Brunch

Looking past the pandemic: Shanjei Perumal

Shanjei Perumal

Shanjei Malraj Perumal, also known as @galle_fort_walks on Instagram, is an experiential tour curator and true travel enthusiast. Featured in publications all over the world from Conde Nast International, who referred to him as “your quirky Sri Lankan BFF…He’ll spill a century’s worth of Galle’s secrets”, to Conde Nast’s main competitor Travel + Leisure, to Harper’s Bazaar, and The Sydney Morning Herald, who perfectly captured what Shanjei’s travel ethos is all about, stating: “That’s the difference. Shanjei wasn’t reading from a script. He wasn’t going through the motions. He was engaging, he was listening, and he was reacting. That’s what makes a great tour guide,” Shanjei has been putting Sri Lanka on the map for nearly a decade. 

Speaking to Brunch in his capacity as a traveller, having globe-trotted to his heart’s content for years, we asked Shanjei to share his thoughts on what he believes would be the state of travel post-pandemic. Giving voice to the unfortunate truth we’re all dreading, he said: “The future looks grim to me,” and sadly, he’s probably right. 

Shanjei commented that as someone who worked 10 months of the year so he could travel for two of them for nearly seven years now, the reality for people like himself and us – those from developing countries, that is, those of us who earn in rupees and will have to spend in euros or dollars on our travels – is looking quite bleak. When travel becomes a possibility, those on the other end are unlikely to feel the difference, but for us, he said it will most likely be a process of curbing one’s enthusiasm. 

He said that one of the cheapest tickets he has purchased was one he bought to travel from Lisbon in Portugal to Berlin in Germany – paying about € 20 for the trip, which is a rough equivalent to about Rs. 4,000 rupees. He said that deals like this are a huge opportunity for people like himself to travel for cheap. However, considering the state of the airlines right now, the incurred losses they will have to recover will disallow these kinds of deals and opportunities for those of us who need it. 

Pondering about how travel will be in the coming future, he also shared his views on the recent MV X-Press Pearl incident, saying that he was incredibly angry at the sorry state of affairs. However, while it is something he cannot control, what has happened to Sri Lanka’s beaches directly affects what he does as a passion and profession. He said that it is quite ridiculous to see how Sri Lankans treat our beaches, when, in fact, it is our main tourist attraction: “People coming from landlocked western countries pay extra money to spend their time by the beach”. Before the country’s history, culture, food, and people, it is first and foremost the beach they all come to experience, everything else is secondary, he said.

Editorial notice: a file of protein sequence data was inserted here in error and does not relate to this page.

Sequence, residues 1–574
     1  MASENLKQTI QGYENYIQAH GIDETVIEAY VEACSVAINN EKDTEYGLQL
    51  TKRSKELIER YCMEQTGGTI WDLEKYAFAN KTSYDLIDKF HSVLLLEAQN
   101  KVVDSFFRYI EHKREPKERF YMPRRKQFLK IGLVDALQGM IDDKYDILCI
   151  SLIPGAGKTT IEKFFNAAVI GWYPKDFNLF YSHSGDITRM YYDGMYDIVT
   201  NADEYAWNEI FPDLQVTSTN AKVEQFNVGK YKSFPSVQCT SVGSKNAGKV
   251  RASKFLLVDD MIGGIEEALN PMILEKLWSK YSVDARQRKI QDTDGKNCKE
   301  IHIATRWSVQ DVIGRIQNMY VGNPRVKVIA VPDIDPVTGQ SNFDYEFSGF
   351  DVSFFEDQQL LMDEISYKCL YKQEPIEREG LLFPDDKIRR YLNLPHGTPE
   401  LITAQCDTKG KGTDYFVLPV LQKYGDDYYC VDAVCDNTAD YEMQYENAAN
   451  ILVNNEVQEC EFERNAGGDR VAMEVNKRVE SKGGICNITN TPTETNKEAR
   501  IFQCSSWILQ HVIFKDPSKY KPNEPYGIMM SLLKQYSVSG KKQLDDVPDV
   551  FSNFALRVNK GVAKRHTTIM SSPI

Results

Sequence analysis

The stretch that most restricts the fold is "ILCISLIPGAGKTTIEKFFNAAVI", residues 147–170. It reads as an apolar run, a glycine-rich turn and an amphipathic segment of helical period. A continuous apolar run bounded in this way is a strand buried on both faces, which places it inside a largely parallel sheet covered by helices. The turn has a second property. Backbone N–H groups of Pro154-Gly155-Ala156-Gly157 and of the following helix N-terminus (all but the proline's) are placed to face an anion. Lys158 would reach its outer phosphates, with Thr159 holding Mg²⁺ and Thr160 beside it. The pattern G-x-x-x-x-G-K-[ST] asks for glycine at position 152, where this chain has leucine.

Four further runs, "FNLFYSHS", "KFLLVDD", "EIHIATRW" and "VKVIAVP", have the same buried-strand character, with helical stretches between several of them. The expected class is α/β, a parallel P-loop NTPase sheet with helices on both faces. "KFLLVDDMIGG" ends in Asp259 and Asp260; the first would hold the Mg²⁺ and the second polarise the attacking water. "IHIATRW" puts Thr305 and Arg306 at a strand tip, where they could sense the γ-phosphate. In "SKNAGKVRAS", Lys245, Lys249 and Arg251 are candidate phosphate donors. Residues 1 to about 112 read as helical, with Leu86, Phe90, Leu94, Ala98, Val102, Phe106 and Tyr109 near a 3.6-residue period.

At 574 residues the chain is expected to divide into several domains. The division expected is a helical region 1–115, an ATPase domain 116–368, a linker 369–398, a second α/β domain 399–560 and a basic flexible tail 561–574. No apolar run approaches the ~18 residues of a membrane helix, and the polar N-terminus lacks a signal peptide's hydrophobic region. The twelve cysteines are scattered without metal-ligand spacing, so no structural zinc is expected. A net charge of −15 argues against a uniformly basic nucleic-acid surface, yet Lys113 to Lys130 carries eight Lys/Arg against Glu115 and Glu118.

Shanjei shared that as islanders, we have all somehow grown to take what we have for granted. From the day we were born here, we’ve been living in the vicinity of trees, lakes, and of course, our beaches, and unlike our past colonisers who happened to be born with that instinct to travel – born with “the travel bone” as he put it – they’ve figured something out that we do not prioritise: The importance of travelling, especially the type of travel that allows you to grow; the growth that comes from immersing yourself in the “realities of the lives and environments you are alien to” and putting yourself in the thickest of those different and new experiences, he said. 

And so, Shanjei said that while the future of travel does look grim, he must stress on the importance of travel. There is no reason not to do it. He said that you must simply stop being someone who thinks about it when they see their friends’ Instagram photos, and be the person who goes and does it. “It doesn’t matter if you’re going from Colombo to Hanwella, or from Colombo to Costa Rica, just go, just do it; see something different and don’t be afraid to experience something that is alien to you.”